Vaccination for COVID-19 not mandatory, says health minister

Vaccination for COVID-19 not mandatory, says health minister

Vaccination for COVID-19 not mandatory, says health minister

Planned vaccinations for COVID-19 in Turkey will not be mandatory, the country’s health minister has said, adding that however the public will be tried to be persuaded to get injected.

“This issue was discussed at [the Health Ministry’s] Science Board and we came to the conclusion that vaccination will not be mandatory, but the public should be informed about the methods the jab is produced, which production is better. We will explain to the public that what matters is not the country of origin of the vaccine but the production method,” Health Minister Fahrettin Koca told daily Hürriyet.

Turkey has signed a contract to buy at least 50 million doses of a vaccine being developed by China.

Earlier this week Koca said that with the first shipment of vaccines is expected to arrive in Ankara sometime after Dec. 11.

The minister suggested that the cost issue did not play a part in deciding what vaccine will be administered but the safety and production method.

“The Chinese vaccine is an inactivated injection, and this has proved to be the best method for the production of a vaccine. These types of vaccines’ long-term effects are known, and they do not have side effects, whereas little known about the long-term effects of the vaccines which are produced through mRNA method and produced good results in a short period of time,” Koca explained.

He also stressed that the method used to produce inactivated vaccines are rather more difficult and more expensive.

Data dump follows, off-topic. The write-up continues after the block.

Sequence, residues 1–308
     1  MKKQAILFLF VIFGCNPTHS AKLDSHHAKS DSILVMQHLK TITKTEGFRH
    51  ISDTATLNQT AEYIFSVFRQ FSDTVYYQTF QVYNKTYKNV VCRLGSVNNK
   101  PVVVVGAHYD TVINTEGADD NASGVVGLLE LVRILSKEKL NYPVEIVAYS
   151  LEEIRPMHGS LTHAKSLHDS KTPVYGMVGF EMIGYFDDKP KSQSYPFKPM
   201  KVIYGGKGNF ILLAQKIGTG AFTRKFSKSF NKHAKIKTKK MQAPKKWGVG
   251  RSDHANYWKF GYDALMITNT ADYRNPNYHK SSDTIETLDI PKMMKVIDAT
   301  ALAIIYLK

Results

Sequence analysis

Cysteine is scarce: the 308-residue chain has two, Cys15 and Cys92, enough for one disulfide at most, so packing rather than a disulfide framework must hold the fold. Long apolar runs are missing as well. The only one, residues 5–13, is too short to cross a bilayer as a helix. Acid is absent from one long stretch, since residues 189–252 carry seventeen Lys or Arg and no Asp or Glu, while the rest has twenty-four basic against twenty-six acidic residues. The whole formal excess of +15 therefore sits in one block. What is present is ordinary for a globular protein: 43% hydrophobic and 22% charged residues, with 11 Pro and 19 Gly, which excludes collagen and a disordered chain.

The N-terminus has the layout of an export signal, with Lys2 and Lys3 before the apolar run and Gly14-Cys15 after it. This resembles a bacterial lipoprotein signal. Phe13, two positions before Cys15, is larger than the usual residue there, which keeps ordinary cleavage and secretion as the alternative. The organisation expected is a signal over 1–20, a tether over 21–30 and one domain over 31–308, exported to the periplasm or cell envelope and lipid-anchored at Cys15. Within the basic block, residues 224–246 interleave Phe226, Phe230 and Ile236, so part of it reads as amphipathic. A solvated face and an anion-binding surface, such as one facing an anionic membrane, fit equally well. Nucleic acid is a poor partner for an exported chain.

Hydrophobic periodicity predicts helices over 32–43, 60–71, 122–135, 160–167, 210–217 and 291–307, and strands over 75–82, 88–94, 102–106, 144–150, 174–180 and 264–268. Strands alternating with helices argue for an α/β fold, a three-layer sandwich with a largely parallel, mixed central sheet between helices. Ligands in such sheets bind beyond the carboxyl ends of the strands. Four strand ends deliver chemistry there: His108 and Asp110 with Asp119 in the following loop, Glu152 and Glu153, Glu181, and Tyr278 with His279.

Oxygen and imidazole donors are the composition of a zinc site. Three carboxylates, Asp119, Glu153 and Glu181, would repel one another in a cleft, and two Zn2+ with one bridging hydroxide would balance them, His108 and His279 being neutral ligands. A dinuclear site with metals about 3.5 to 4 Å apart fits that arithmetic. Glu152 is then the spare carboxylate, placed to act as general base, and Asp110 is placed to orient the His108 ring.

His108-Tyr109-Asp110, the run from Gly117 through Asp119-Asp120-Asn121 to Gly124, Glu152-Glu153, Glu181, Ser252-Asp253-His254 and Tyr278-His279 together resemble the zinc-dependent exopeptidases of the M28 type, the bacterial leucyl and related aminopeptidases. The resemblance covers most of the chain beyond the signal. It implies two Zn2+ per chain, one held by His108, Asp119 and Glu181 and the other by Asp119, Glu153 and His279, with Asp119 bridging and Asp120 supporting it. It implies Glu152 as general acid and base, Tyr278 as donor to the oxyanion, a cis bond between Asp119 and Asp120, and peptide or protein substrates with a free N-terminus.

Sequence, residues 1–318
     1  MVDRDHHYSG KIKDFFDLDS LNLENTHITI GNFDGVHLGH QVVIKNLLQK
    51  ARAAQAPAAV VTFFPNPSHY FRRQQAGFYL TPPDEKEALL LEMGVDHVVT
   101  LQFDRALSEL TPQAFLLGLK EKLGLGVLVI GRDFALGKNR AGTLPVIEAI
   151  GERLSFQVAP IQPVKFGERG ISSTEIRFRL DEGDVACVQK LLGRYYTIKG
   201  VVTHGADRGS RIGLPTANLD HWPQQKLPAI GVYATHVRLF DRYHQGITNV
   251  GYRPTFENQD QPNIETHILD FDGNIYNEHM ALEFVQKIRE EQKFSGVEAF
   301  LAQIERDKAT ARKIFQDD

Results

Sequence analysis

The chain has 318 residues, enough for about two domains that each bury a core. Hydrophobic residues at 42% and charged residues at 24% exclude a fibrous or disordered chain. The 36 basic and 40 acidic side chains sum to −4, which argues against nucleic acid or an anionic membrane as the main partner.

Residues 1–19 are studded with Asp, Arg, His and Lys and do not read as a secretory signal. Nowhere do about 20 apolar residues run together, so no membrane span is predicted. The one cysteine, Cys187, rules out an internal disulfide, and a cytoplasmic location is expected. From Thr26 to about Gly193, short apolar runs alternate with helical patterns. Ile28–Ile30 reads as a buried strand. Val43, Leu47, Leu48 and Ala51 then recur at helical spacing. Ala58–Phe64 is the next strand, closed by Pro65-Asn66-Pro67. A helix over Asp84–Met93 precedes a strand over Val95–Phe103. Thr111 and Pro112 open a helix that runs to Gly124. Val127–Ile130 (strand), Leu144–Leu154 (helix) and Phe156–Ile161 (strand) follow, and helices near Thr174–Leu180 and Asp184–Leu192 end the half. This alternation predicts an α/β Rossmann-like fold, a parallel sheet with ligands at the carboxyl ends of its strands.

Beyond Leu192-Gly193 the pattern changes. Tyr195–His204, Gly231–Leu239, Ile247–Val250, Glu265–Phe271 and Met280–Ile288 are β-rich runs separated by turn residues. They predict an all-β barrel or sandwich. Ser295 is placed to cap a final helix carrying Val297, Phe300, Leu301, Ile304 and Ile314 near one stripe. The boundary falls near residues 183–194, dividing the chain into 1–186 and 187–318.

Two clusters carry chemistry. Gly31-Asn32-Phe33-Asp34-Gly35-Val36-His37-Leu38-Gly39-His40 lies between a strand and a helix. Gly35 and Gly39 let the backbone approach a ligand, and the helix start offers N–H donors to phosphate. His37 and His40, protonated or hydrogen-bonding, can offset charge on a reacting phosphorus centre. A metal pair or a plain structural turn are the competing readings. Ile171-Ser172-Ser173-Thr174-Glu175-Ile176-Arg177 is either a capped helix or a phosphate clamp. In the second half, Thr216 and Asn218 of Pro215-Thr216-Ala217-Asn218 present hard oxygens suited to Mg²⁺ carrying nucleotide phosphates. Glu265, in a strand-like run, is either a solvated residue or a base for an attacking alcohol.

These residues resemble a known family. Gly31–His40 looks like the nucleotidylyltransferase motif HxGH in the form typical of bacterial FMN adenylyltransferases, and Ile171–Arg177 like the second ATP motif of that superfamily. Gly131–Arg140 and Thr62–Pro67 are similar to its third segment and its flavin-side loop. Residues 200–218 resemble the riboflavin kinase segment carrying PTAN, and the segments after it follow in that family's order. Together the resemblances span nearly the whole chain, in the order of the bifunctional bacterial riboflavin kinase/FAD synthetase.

Koca underlined that the third phase tests of the Chinese vaccine are still ongoing and that this jab will not be administered to people in Turkey until after the results of the third phase studies come out.

Once the injection clears all required approvals, he will be the first one to get vaccinated publicly at a hospital, the minister said.

Koca this week announced that vaccinations in Turkey will be carried out in four stages.

The first group includes health care workers, citizens above the age of 65, and people living in homes for the elderly, disabled or other protective care homes. Next will be essential workers and people above 50 with at least one chronic disease. Third, people younger than 50 with at least one chronic illness, young adults and other workers will be vaccinated. In the fourth and final stage, all individuals other than the first three groups will be vaccinated.

The vaccine being developed jointly by Pfizer and BioNTech may not be easily available in Turkey due to certain logistics problems, according to Professor Mehmet Ceyhan, a leading expert in infectious diseases.

“This vaccine must be stored in minus 70 degrees Celsius, which requires specialty expensive freezers. A pharmacy is not likely to pay some $10,000 to buy this equipment to sell 50 to 60 doses of this vaccine,” Ceyhan told daily Milliyet, adding that it is unlikely that this injection will be sold at pharmacies in Turkey.